NBA star Chris Paul: 'We're all playing the sit-and-wait game' for the season to resume

Key Points
  • NBA star Chris Paul said the uncertainty around the coronavirus pandemic is making it difficult to project when the league can resume.
  • In an exclusive interview with CNBC, Paul also discussed PlayersTV, a new channel featuring content from athletes through the sports industry.
Chris Paul #3 of the Oklahoma City Thunder drives to the basket against the Milwaukee Bucks on February 28, 2020 at the Fiserv Forum Center in Milwaukee, Wisconsin.
Gary Dineen | NBAE via Getty Images

If there is one individual who is qualified to give an update on the National Basketball Association's plan to resume play, it's Chris Paul.

The Oklahoma City Thunder guard said there is no timetable on when the NBA will return after the coronavirus pandemic suspended games last month. In an interview with CNBC on Tuesday, Paul, who also serves as president of the National Basketball Players Association, was asked if he feels the NBA season will be canceled.

"To tell the truth, I don't know," he said, before adding it's difficult to plan a date to resume with so much uncertainty about safety. "We're all playing the sit-and-wait game, and most of all, trying to get this virus contained. That's the top priority."

Before the NBA decides on the remainder of its 2019-2020 season, it has to address compensation issues between players and team owners. The NBPA held a call with player agents on Tuesday, informing reps that owners could seek refunds on contracts if the season is canceled, according to people familiar with the call.

If the NBA cancels the season, players, especially those who received pay advances, could refund millions of dollars to league owners. Paul said players are "aware" of discussions regarding compensation, but said he doesn't sense any panic.

"As long as we have the conversations about it and try to make sure that guys are prepared as possible, I think we'll be fine," Paul said, adding that he's in constant communication with players who call to seek additional information.

"I'm happy guys want to know what's going on, and guys want to be informed," he said. "I can't say it enough: I think we've got the best body of players in our league."

The NBA became the first U.S. pro sports league to suspend its season on March 11, after Utah Jazz center Rudy Gobert tested positive for COVID-19. The decision triggered other leagues including the National Hockey League and Major League Baseball to suspend operations in the following days.

Paul, who was in the arena when the Thunder-Jazz contest was postponed just seconds before tipoff, described the night as "different," adding he's never experienced a game like it in his 15 years in the NBA.

"I give a big credit to our league," he said. "Some people might have just said, 'Let's figure that out after the game.' We realized it wasn't a basketball crisis or problem, it was about everybody's safety, not just us as players."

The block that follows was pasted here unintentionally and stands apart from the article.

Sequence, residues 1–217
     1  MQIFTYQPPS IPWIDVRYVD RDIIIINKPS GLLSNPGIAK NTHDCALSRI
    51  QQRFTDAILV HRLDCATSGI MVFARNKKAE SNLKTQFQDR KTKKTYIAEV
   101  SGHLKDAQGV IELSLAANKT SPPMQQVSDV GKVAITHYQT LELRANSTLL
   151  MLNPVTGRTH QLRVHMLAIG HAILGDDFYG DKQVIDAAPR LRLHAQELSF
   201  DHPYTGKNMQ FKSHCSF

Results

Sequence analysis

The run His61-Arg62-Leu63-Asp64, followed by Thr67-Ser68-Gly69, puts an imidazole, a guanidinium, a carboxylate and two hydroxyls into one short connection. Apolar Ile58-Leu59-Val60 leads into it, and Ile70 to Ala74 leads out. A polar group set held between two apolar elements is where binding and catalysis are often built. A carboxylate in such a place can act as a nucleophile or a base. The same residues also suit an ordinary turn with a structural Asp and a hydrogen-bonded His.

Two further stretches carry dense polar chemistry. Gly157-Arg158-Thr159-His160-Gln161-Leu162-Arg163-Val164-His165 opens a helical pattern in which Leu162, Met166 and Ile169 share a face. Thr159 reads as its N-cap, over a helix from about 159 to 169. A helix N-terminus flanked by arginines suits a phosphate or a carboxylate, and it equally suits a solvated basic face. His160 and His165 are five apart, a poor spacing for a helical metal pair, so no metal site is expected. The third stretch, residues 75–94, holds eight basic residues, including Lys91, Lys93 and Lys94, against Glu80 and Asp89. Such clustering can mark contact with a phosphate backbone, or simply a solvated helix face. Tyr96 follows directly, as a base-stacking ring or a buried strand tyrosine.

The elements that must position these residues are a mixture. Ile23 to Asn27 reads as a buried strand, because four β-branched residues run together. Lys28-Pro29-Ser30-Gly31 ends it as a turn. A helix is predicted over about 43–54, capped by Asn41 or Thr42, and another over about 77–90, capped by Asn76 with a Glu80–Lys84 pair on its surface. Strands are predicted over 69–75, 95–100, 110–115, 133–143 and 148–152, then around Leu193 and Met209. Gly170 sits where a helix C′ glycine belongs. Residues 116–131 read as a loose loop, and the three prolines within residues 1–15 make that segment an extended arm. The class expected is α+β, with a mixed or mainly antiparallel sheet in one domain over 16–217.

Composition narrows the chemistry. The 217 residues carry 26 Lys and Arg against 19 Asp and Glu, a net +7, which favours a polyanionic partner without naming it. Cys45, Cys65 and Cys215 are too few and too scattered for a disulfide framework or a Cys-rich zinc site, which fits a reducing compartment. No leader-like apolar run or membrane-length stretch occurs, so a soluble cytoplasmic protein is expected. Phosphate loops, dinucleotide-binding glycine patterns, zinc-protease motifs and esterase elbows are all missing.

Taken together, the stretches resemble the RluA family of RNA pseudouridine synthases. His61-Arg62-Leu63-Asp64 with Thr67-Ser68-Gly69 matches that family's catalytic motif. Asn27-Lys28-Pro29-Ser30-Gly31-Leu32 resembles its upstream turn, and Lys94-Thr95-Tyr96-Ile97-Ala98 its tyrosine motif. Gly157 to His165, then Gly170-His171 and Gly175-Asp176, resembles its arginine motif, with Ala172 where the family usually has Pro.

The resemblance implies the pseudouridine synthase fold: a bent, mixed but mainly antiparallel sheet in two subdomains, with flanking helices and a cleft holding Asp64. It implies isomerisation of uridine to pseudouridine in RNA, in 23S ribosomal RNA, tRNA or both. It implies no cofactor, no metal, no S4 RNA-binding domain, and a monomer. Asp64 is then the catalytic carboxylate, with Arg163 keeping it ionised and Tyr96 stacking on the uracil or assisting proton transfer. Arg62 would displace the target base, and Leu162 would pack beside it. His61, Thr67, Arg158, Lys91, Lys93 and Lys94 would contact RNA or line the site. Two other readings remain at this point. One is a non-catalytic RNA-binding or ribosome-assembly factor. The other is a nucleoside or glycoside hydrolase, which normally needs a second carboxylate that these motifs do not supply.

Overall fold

While Paul and his colleagues are waiting to get back to work, they are busy engaging fans on social media outlets such as Instagram Live and PlayersTV, a new channel that launched on Samsung TV Plus last month.

Paul and other NBA stars, including Portland Trail Blazers stars Carmelo Anthony and C.J. McCollum, are investors and content creators in PlayersTV, which is a subsidiary of agency Players Media Group.

According to Deron Guidrey, the co-founder and vice-president of PMG, the creation of PlayersTV allows athletes to gain distribution for personalized content. The channel wants to give fans more access to players while giving athletes the ability to monetize content.

"Most athletes don't have the ability or the luxury to be able to go sell shows to CNBC or ESPN or Fox Sports," Guidrey told CNBC in an interview. "We want to be able to have a place where they don't have to be subject to a corporation green light."

Guidrey said PMG and athletes with content on PlayersTV split advertising revenue 50-50. He said the channel is aiming to reach 100 million households globally. Currently, the company's valuation is roughly $20 million.

PlayersTV features shows from star players ranging from Brooklyn Nets center DeAndre Jordan to former New England Patriots tight end Rob Gronkowski, who is the co-host of "Most Valuable Partner." The show emulates ABC's "Shark Tank," which is also syndicated on CNBC and features Dallas Mavericks owner Mark Cuban.

Athletes entering the content creation space has continued to increase over the years. Los Angeles Lakers forward LeBron James founded production company SpringHill Entertainment, and Golden State Warriors star Steph Curry assisted in the production of a new documentary, "Jump Shot: The Kenny Sailors Story," which is set for a digital release this month.

Paul, who has made over $250 million in his NBA career, said the PlayersTV platform allows athletes who are accustomed to "playing against each other" the chance to unify and build valuable content.

"I think a lot of players are starting to realize that a lot of us have more in common than not," he said. "And so, if we put our minds together or put our tools together, we can be a lot stronger together."

Though he couldn't foresee a pandemic on the rise when players announced the channel, Paul said the timing aligned perfectly. "People are home, and they want to know what athletes are up to," he said. "They get the opportunity to get introduced to PlayersTV."

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